Truth be told, this interview wasn’t 15 minutes. In fact, it was well over 45 and I have a feeling that if I hadn’t had a pressing deadline, the Tony Award-winning Betty Buckley would have chatted with me for more for an hour. Because that’s what happens when you engage a true artist on the subject of creativity: the floodgates open and you better know how to swim.
At the time of our phone conversation, Buckley had just finished a celebrated run of Center Theatre Group’s Grey Gardens and completed a road trip with her longtime assistant back to her ranch in north Texas to “blow the cobwebs out of my mind.” They called themselves the Road Warriors and even posted some of their journey on social media.
It was after 9/11 that Buckley felt the pangs to return to her Texas roots. With decades of studying, performing, recording, and teaching under her belt, she felt visionless and without purpose. Her love of horses and the equine sport of cutting reinvigorated her and this November she’ll celebrate 14 years of life on a ranch.
But ultimately Buckley is a self-proclaimed “working girl” and this fall she heads to the East Coast for 15 concerts, including her latest show, “Story Songs,” which will play seven performances at Joe’s Pub in New York City.
Can you tell me more about the inspiration for your latest show, Story Songs?
At each point in your life certain songs fit and others don’t. This is a collection of songs that I feel at this point—through interpretation and from my vantage point—can resonate with a degree of truth.
I do a new show, generally, once a year. This past Spring, I connected with composer Joe Iconis and he invited me to sing in his show at Feinstein’s/54Below. He sent me some songs and at the last minute he wrote a song for me, “ Old Flame”—it’s very funny and he’s a wonderful writer. It fits me, as a Story Teller, like a glove.
In February I went to Australia to perform “Defying Gravity,” an evening of Stephen Schwartz’s music. It was a wonderful series of concerts with a full orchestra and I sang “Chanson” from The Baker’s Wife and “No Time at All” from Pippin.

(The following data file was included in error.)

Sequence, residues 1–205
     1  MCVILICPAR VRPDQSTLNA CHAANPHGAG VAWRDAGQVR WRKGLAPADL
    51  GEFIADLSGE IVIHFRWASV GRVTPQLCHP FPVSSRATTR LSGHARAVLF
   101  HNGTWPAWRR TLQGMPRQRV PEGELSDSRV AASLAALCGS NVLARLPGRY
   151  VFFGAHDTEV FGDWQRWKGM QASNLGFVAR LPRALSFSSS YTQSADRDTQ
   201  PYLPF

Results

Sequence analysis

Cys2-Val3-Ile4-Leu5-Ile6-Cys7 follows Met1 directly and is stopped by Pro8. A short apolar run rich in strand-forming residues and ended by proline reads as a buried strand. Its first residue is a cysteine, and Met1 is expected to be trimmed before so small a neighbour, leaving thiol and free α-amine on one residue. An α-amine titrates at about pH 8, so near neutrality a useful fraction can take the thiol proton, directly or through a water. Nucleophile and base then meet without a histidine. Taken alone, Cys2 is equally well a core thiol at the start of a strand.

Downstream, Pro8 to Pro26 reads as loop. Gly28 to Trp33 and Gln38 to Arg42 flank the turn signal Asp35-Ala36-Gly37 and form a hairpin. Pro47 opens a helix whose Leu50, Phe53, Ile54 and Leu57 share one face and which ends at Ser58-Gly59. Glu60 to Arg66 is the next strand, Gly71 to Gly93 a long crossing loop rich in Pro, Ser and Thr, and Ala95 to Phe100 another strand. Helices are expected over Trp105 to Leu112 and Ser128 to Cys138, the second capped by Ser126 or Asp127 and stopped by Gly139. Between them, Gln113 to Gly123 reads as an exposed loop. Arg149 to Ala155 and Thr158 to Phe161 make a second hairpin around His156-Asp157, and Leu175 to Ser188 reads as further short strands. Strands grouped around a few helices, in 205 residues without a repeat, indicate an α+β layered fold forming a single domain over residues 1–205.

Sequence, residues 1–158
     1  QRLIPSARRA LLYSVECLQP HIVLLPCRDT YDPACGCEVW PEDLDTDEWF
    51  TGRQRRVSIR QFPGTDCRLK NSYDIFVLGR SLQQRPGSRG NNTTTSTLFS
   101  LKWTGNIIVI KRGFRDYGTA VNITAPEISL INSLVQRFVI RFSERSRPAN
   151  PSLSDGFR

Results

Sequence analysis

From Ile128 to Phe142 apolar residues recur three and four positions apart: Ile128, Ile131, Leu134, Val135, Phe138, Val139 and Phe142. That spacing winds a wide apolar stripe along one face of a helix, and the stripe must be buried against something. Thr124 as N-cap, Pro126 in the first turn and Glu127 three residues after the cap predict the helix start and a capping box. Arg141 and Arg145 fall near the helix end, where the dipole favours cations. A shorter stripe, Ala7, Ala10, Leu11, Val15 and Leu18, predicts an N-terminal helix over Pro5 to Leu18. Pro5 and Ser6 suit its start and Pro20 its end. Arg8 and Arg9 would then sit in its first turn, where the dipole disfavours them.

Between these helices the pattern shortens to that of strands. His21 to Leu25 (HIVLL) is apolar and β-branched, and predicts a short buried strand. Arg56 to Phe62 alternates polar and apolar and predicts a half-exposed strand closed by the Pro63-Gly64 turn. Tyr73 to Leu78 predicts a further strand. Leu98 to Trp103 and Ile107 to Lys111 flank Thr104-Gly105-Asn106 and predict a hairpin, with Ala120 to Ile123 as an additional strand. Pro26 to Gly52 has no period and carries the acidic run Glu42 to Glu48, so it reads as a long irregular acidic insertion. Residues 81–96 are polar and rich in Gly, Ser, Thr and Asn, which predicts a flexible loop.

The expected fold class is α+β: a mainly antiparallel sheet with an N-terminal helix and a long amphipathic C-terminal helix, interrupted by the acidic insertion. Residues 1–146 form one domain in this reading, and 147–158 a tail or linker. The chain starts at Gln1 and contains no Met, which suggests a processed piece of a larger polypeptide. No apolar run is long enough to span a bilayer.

And then I reached out to other composers whom I admire—people like Jason Robert Brown. He sent me a few songs, one titled “Cassandra”– from a new show he’s working on. This is the base of the material and then I start to consider what they all have in common. It’s an evening of stories about some interesting characters.
How do you adapt to such vastly different venues? Your upcoming concerts at Joe’s Pub (9/22 – 9/25) and “Ghostlight” at NJPAC (9/17) are fairly intimate, but you’ve also played Carnegie Hall with a 50-piece orchestra.
That’s not a big deal for me. It’s something I include in my awareness, of course. It’s just a different space. My work process remains the same in every venue and genre.
CATS is back in the limelight with its first Broadway revival recently opening at the Neil Simon Theatre. It’s certainly one of the benchmarks of your career. What do you think is the emotional entry point for the character of Grizabella and what were some of the challenges in bringing her to life?
The job assignment was to “stop the show”. But within that, you have to find in yourself a world of profound isolation and loneliness. Grizabella is in the last moments of her life. As the Glamour Cat in her youth, she lived life to great excess. She was considered a great beauty. And she drank too much, smoked too much, and she was promiscuous. And now in her later years she is no longer desired and has become the pariah of the Tribe of Cats. She longs to be included but the cats shun her and keep sending her away.
The character is only on stage for 13 minutes. (I timed it at one point when I actually got to sit and experience the show for the first time from start to finish. It was the 8th Anniversary Celebration of the show in London.) I kept waiting for Grizabella and thinking, “Where is she?”
Trevor Nunn’s direction was to play pathos, but I was overwhelmed with the responsibility of stopping the show, and I didn’t know that there was a formula for that. I wasn’t “stopping the show” during previews and it was frustrating—they called special rehearsals for me, and there were lots of conversations.
In desperation, I called my voice teacher, the great Paul Gavert. I thought they were going to fire me. He said, “Come over on your lunch break.” He threw a pillow on the floor and told me to hit it. And I said, “This won’t work, teach me how to stop the show.” He said, “Hit the pillow!”